Usain Bolt lies on the pitch after taking a shot at goal during a friendly trial soccer match between the Central Coast Mariners and the Central Coast Select in Gosford, Australia. Photo: AP Photo/Steve Christo

KINGSTON – Usain Bolt is giving up on his dream of forging a career as a professional footballer following his try-out last year with Australian side Central Coast Mariners.

In remarks reported by Jamaican media outlets on Tuesday, the eight-time Olympic sprint champion said he had drawn a line under his hopes of playing football as a professional.

The 32-year-old athletics icon had told reporters last month he had not given up hope of becoming a footballer.

However at an event in Kingston on Monday, Bolt said he now planned to concentrate on his business career.

“I don't want to say it wasn't dealt with properly, but I think we went about it, not the way we should and you learn your lesson, you live and you learn,” he was quoted by Television Jamaica as saying.

“It was a good experience. I really enjoyed just being in a team and it was must different from track and field and it was fun while it lasted.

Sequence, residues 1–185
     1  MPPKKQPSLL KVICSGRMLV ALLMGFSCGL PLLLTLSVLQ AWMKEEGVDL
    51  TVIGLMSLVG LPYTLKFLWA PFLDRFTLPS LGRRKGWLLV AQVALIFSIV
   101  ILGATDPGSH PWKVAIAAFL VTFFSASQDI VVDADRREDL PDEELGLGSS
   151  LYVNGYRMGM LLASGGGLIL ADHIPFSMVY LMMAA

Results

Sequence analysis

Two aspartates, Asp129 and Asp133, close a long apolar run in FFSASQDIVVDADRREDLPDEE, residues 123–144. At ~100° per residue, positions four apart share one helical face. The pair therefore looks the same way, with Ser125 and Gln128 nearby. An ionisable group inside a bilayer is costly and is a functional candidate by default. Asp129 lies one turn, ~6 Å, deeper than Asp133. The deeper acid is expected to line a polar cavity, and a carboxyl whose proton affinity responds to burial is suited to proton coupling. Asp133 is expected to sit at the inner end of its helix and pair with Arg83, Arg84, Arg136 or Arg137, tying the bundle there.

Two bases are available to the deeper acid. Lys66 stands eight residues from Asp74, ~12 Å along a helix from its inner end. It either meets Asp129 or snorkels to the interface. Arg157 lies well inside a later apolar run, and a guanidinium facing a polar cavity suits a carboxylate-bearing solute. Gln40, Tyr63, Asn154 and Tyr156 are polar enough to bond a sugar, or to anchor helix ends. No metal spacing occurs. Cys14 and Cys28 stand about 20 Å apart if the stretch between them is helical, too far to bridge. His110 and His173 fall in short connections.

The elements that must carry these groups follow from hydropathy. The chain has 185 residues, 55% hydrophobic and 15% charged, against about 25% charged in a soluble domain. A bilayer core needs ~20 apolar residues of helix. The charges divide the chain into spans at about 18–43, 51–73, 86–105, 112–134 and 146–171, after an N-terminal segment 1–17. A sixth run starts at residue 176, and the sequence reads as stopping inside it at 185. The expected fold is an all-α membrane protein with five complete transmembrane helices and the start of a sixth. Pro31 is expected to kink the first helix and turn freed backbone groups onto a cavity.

“The sports life is over, so I'm now moving into different businesses, I have a lot of things in the pipeline, so as I say, I’m just dabbling in everything and trying to be a business man now.”

Bolt was speaking as he handed over a $1 million cheque to help fund Jamaica's team at the Special Olympics World Summer Games in the United Arab Emirates in March.

The star of the Beijing, London and Rio de Janeiro Olympics meanwhile said he was concerned at failure of a new generation of Jamaican sprinters to emerge following his 2017 retirement.

Usain Bolt trains with the Central Coast Mariners soccer team in Gosford, Australia. Photo: AP Photo/Steve Christo
Usain Bolt trains with the Central Coast Mariners soccer team in Gosford, Australia. Photo: AP Photo/Steve Christo

Bolt questioned whether young athletes in Jamaica handed lucrative contracts were being given too much too soon.

“A lot of these athletes I think it's much easier now for them,” he said. “When we were coming up it was a struggle, we didn't get big contracts when we left high school.

“I think a lot of the athletes aren't motivated any more. When they leave high school and they get a big contract they are happy with whatever.”

Agence France-Presse (AFP)